literally yoked, bound or tethered to something or someone.

So from this, we know that we are no longer to be a part of the sinfulness we once knew
nor are we to be a part of the sinfulness that we are currently witnessing each and every
day in this culture of ous—
because we are now products of Righteousness as well as Grace.

I am using an example from everyday life because of your human limitations.
Just as you used to offer yourselves as slaves to impurity and to ever-increasing wickedness,
so now offer yourselves as slaves to righteousness leading to holiness.
20 When you were slaves to sin, you were free from the control of righteousness.
21 What benefit did you reap at that time from the things you are now ashamed of?
Those things result in death!
22 But now that you have been set free from sin and have become slaves of God,
the benefit you reap leads to holiness, and the result is eternal life.
23 For the wages of sin is death, but the gift of God is eternal life in Christ Jesus our Lord.

So I find myself coming back around to the notion of a prayer that stands against Darkness…
A prayer that proclaims Light.
A prayer in which we, the Believers, proclaim our humility—proclaiming our role as the instruments of
God’s Grace, Peace as well as the reflections of His light—
A prayer in which we denounce Satan’s darkness cast over humankind…
standing in our place of Light–as Christian warriors…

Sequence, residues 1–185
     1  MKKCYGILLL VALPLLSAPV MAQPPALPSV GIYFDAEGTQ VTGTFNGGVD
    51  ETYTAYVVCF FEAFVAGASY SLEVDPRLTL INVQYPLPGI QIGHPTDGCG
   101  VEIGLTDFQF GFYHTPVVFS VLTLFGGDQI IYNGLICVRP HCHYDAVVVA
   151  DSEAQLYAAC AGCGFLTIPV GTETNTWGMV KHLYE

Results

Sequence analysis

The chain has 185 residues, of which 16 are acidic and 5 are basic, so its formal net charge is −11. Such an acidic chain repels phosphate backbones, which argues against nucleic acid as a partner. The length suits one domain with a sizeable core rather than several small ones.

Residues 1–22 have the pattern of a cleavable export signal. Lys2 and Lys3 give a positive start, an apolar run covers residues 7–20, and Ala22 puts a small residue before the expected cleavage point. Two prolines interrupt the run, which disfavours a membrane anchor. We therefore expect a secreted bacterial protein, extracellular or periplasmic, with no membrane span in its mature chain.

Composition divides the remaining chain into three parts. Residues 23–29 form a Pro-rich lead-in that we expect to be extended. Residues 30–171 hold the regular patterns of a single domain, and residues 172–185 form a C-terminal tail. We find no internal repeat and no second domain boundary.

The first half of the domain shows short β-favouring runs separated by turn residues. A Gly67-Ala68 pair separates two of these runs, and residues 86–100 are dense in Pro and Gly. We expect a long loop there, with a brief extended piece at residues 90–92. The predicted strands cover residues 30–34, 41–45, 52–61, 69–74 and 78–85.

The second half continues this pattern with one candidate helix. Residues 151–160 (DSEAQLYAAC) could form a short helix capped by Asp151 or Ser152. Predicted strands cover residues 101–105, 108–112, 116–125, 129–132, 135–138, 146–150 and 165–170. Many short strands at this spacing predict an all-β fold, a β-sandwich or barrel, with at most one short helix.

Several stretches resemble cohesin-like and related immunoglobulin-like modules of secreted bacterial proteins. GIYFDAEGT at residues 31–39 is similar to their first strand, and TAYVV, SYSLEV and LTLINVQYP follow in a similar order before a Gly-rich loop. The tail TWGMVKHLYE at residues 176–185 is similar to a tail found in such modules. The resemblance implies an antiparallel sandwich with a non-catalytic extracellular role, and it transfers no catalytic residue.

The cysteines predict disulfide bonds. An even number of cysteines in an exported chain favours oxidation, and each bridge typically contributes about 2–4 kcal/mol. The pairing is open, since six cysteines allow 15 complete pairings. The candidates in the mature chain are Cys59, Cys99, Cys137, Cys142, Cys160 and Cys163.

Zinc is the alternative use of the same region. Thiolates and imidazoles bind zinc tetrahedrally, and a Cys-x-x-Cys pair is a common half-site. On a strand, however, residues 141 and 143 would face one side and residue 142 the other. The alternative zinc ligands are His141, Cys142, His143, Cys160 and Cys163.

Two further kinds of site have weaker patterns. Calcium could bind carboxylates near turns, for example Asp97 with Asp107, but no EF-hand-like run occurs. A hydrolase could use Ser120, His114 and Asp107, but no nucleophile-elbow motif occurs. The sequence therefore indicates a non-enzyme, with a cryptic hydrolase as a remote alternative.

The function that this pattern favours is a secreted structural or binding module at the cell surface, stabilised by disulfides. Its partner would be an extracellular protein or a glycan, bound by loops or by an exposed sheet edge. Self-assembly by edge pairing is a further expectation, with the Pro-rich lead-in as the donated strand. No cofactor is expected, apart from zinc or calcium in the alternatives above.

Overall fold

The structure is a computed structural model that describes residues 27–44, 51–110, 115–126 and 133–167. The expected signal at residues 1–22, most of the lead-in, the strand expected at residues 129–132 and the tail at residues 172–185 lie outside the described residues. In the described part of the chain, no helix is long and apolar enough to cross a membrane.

Maybe it’s the memory of singing the hymn Onward Christian Soldiers as a child in children’s chapel.
The imagery of what a Christian Soldier would look like in the mind of a 7-year-old girl.

That having been a Joan of Arc or a Martin of Tours.

Defiant and focused soldiers.

Brave and unwavering in the face of Evil.

However that image today, in my more developed and “healed” mind and heart,
is a much different image…

It is the image of a Maximilian Kolbe—

The Catholic priest who died in Auschwitz in the place of a fellow prisoner who was not
a Christian but rather a Jew.

It is a seemingly meek and emaciated prisoner in Auschwitz who is now the image that comes to
my mind when I think of Christian Warriors…

Quiet, humble, focused, compassionate, sustained by a love of God and determined to live out The Fatih
unto death…

https://history.info/on-this-day/1941-nazis-execute-maximilian-kolbe-via-lethal-injection/

And so now we need to think of a time…

new year, new outlook, new hope…may it be found in prayer

“For prayer is nothing else than being on terms of friendship with God.”